Investment group gets OK to convert some rooms in former Centralia hotels to permanent housing

Zoning code amendment request for Sage Investments approved by Centralia City Council


An investment group has received the green light to redevelop former Centralia hotels into hybrids offering rooms for overnight stays and permanent residents.

Sage Investment Group’s initial request to amend Centralia’s zoning code was denied by the city council during its Oct. 10, 2023, meeting. The group returned last week during the council’s Tuesday, May 28, meeting, again requesting a zoning code be amended to allow for residential dwellings in Centralia’s Harrison Avenue highway commercial zoning district.

This time, Sage’s request was unanimously approved by the Centralia City Council.

Based out of Kirkland, Sage currently owns three former hotels within that zoning district, according to Centralia Community Development Director Emil Pierson. They include the former Motel 6 purchased in October 2022, the former OYO Hotel purchased in February 2023 and the King Oscar Motel purchased last January. The three properties have a combined total of 313 rooms.

Since their sales, Centralia has seen a reduction in lodging tax funds, which are delivered through a percentage of the cost of an overnight stay.

The former Motel 6 was purchased by Sage with the intent of converting it into “nice, affordable” studio apartments while the former OYO was initially purchased to convert into permanent supportive housing.

By the time the King Oscar was purchased, Sage’s intent was to turn all three into hybrid hotels with market-rate apartments for rent, according to Centralia City Councilor Max Vogt, who broke the news of the King Oscar’s purchase at the end of a January city council meeting.

On Tuesday, Pierson explained that without the passage of Washington state House Bill 1042 last year, he likely wouldn’t have recommended supporting Sage’s second zoning code amendment request.  Pierson said city staff made their own changes to Sage’s request to ensure it not only aligned with House Bill 1042 but also with Centralia’s best interests as it continues to grow.

“Some of the major differences between the code that’s being proposed by Sage as well as us is they would like to see (multi-family dwellings) permitted outright. So if they came into the building department and said, ‘We’re going to convert this and we’re meeting your code requirements,’ it would be outright permitted,” Pierson said. “The city on the other hand said, ‘You know what, we’d like that to be a conditional-use.”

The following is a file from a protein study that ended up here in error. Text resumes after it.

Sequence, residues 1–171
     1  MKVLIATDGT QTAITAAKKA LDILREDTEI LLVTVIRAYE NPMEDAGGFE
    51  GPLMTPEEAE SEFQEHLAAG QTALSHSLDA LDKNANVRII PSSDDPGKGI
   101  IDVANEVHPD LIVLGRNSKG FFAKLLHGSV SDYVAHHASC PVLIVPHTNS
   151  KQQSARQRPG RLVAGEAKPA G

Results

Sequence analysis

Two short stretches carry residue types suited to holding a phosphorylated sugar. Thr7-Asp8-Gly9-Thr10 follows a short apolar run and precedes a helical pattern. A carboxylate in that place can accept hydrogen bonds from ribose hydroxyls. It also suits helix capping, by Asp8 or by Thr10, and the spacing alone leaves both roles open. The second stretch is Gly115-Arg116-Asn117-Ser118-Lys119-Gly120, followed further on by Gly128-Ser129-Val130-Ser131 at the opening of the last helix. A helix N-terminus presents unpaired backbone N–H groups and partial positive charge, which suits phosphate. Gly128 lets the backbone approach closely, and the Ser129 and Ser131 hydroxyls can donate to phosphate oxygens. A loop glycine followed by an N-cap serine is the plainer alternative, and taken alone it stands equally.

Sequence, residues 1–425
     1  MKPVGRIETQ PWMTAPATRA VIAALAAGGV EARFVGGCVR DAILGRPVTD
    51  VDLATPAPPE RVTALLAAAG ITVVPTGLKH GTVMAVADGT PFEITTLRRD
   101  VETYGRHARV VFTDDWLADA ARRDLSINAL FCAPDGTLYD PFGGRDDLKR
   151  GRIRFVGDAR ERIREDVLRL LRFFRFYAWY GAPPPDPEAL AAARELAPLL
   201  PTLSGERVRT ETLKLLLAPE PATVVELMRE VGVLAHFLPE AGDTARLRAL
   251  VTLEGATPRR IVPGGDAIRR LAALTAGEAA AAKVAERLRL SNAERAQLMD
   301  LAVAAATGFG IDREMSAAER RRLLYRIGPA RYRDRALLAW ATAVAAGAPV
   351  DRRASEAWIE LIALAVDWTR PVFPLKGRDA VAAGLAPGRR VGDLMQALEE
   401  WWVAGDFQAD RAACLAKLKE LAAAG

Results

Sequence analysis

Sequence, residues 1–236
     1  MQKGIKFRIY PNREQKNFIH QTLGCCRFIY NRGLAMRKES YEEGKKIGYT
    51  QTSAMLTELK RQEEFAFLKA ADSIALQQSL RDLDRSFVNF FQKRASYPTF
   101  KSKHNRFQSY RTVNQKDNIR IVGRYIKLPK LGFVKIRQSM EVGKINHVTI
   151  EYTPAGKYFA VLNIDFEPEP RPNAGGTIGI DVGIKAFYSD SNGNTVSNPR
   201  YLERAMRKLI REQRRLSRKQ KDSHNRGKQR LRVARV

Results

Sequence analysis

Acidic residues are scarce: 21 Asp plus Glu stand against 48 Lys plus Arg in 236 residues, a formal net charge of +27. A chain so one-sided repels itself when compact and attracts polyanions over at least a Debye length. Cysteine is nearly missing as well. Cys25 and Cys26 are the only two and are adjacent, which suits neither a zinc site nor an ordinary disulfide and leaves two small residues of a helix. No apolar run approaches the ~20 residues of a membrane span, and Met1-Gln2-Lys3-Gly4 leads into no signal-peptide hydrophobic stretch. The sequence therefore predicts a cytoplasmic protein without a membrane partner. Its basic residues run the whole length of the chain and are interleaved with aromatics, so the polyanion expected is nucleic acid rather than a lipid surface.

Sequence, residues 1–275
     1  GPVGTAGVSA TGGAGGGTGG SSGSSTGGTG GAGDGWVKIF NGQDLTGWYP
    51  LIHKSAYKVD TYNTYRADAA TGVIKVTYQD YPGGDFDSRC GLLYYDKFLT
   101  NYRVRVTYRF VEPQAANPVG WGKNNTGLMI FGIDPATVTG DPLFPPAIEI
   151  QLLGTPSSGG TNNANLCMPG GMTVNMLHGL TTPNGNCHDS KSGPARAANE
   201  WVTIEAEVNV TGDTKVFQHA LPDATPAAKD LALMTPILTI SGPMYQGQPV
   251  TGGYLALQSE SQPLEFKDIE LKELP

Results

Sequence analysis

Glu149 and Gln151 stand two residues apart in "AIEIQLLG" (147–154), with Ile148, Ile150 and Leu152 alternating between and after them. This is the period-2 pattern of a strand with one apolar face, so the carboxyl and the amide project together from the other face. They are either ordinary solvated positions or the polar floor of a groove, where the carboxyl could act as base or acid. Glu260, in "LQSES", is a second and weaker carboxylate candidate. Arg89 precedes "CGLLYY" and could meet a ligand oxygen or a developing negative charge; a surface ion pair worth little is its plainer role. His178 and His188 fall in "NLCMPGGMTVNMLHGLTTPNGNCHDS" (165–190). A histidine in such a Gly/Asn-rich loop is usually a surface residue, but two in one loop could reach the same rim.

Sage’s amendment also only focused on hotels and motels in the district, while city staff recommended the amendment be applicable to all buildings within the C-2 zone.

“That bill said all pre-existing buildings,” Pierson added.

City staff also wrote language ensuring existing parking spaces be maintained and that the ground floor areas remain commercial use, with residential use being allowed on the second floor and higher.  Of the 313 hotel and motel rooms in question at the OYO, Motel 6 and King Oscar, 147 of those rooms are on the ground floor and 166 are above. 

Whitney Wilkins, who oversees community relations for Sage, also spoke at Tuesday’s meeting to explain Sage supported the city’s changes to their request.

“With these projects, it is what we consider the adaptive reuse model, to convert these hotels into multi-family housing,” Wilkins said. “Because of that, that’s how we’re able to really control that cost per unit. How hotels were set up as far as internet, cable, utilities, it’s how we can wrap it all in. With our current projects, we’re really excited about the prospect of working with the City of Centralia here and doing this kind of mixed-use model, where we do the residential on top and then the commercial on the bottom.”

This will allow for residential units to help address Centralia’s housing needs while still allowing the properties to contribute toward Centralia’s economy, Wilkins told the council.

“Especially with our partnership with the (Northwest) Sports Hub, we’re really excited to help them expand,” Wilkins said. She added there are currently “about 300 people” on a waiting list to get into residential units Sage intends to create.

Two other meeting attendees spoke out during public comment expressing interest in leasing a unit. With Sage and city staff in agreement about the proposed zoning code amendment allowing residential housing in C-2 commercial districts, the council unanimously approved the city’s version of Sage’s request.

To view Sage’s request, along with the changes Centralia city staff recommended that were approved by the council, go to page 72 of the council’s May 28 agenda at